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WebSphere 8 Migration

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This time it's different

The last two Java EE versions are probably two of the biggest ever, so WebSphere has gone through a lot of change in version 7 and now version 8. With support for WebSphere 6 dropping, companies going from 6.x to 8 may have more challenges in performing the code migration than first expected. As much as the goal is to minimize code changes and risk during the migration, we’re finding more issues to deal with when companies compile code against WebSphere 8 API and JDK creating the need for more troubleshooting.
Our team works through three major stages of setting an effective foundation for WebSphere 8 migration (which includes activities like planning, training and setting business priorities), conducting the core migration, then conducting a value migration through code or administrative enhancement.

However, you still need to make the migration happen first, so here's what we bring to the table:

  • Setting Business Priorities: Companies also need to establish priorities for topology changes like adopting cloud or clustering and failover or other administrative changes like performance or scripting or packaging, and think through how they might like to use the new features of WebSphere 8 for Java persistence or dependency injection. All of these are part of developing a migration strategy which brings value and we need to look at where in an overall plan these activities best take place.
  • Migration Planning: We help your team understand what's new in WebSphere 8 and features that will impact the migration process. If you are migrating from 6.x, we can help you jump forward. We help you plan the migration environment, plan and migrate the development IDE and project structure, help you understand what is needed to drive the migration through each of your dev/test/staging environments and execute the emergency roll-back procedures to ensure you are ready to move into production.
  • Skills: We'll do step-by-step training for your team, and enable your team to make the transition seamlessly.
  • Core Migration to WebSphere 8: This is where the rubber starts to meet the road. The objective of core migration is to get your existing applications to work within WebSphere 8 with little or no code change. The goal is to get you up and running as quickly as possible while at the same time ensuring minimum downtime and optimum reliability. After core migration is complete, you can optionally choose to perform coding enhancement and administrative enhancements. These topics are described in details below.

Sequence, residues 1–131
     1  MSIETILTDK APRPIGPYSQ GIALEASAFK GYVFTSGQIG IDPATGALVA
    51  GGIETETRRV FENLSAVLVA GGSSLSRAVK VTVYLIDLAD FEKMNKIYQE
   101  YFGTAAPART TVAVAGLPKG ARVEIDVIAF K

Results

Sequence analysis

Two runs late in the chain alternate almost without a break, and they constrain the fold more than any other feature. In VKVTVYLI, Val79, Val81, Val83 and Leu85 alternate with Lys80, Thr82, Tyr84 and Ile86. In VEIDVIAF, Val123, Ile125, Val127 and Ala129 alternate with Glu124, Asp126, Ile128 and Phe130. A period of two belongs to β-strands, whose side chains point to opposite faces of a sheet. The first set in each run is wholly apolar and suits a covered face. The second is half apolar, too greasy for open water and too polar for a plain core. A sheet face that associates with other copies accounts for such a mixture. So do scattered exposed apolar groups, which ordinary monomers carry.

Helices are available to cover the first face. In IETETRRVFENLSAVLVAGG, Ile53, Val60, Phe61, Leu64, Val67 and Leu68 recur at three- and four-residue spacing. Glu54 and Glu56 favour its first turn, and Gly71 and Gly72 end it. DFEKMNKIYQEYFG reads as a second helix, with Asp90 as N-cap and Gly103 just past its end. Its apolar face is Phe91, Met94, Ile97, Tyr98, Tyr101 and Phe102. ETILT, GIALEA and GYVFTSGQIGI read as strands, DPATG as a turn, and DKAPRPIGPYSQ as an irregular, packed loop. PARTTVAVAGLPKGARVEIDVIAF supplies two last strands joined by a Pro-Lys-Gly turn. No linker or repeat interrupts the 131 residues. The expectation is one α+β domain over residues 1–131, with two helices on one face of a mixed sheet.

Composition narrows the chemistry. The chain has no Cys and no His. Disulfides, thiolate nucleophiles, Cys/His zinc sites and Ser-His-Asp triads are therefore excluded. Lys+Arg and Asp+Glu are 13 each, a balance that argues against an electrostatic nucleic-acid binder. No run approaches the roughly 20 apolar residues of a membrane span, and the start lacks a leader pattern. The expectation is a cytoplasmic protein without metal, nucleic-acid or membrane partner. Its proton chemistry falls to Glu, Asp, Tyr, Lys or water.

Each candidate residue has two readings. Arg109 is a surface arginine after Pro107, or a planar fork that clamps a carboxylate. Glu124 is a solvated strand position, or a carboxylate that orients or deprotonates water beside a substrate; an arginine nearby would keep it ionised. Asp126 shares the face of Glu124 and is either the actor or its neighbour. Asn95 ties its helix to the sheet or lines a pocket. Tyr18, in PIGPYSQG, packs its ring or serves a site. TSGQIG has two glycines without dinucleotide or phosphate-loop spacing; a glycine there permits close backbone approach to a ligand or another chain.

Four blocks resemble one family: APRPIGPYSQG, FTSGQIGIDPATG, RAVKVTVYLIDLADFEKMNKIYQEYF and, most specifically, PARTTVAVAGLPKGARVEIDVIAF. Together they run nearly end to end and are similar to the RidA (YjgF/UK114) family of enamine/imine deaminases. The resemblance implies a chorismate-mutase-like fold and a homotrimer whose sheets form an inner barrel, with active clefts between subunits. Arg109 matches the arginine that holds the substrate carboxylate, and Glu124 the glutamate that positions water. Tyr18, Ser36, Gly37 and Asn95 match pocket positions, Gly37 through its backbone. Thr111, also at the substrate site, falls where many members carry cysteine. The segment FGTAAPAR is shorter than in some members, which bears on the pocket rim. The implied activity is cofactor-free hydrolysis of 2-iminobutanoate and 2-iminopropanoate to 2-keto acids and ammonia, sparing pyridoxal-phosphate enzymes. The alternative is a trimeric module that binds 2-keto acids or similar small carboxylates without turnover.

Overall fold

Some companies want to migrate simply and at the lowest cost, others want to find ways to further reduce long term cost and make better use of WebSphere. In these cases, especially in this version of WebSphere, if the company has not yet looked at its applications, it’s a good idea AFTER the migration to look at the application architecture to see if it can be simplified or improvements made which improve the service level of the application by making:

Administrative enhancements:

  • Clustering and failover
  • Application performance
  • Automation through scripting
  • Take advantage of new features in Websphere 8
    • Optimize troubleshooting through HPEL logging
    • Batch model and offline processing
    • OSGi application packaging

Code Enhancements:

Optionally, start to use Java EE 6 API in application code for easier development and better manageability:

  • Java Persistence API (JPA)
  • JavaServer Faces (JSF)
  • Dependency injection
  • Web Service using JAX-WS and JAX-RS
  • Simplified EJB3

This final process is we call the 'value migration'�because it's here that companies begin to simplify since once the upgrade is done, you need to drive value. This comes from looking at the way development is done and re-crafting the development playbook. Beyond uncovering features, teams need to internalize the use of features and demonstrate business value. It’s a process of facilitation, revisiting development processes, and looking closely at where feature sets can be deployed within in the portfolio to do administrative enhancements like:

  • Reduce maintenance costs
  • Simplify applications
  • Standardize development in a way that takes advantage of the new features of the tool, and,
  • Look at the general approach to architecture.

We're not sure if your management also feels the pain, but we'd like to follow-up. Please advise.

 

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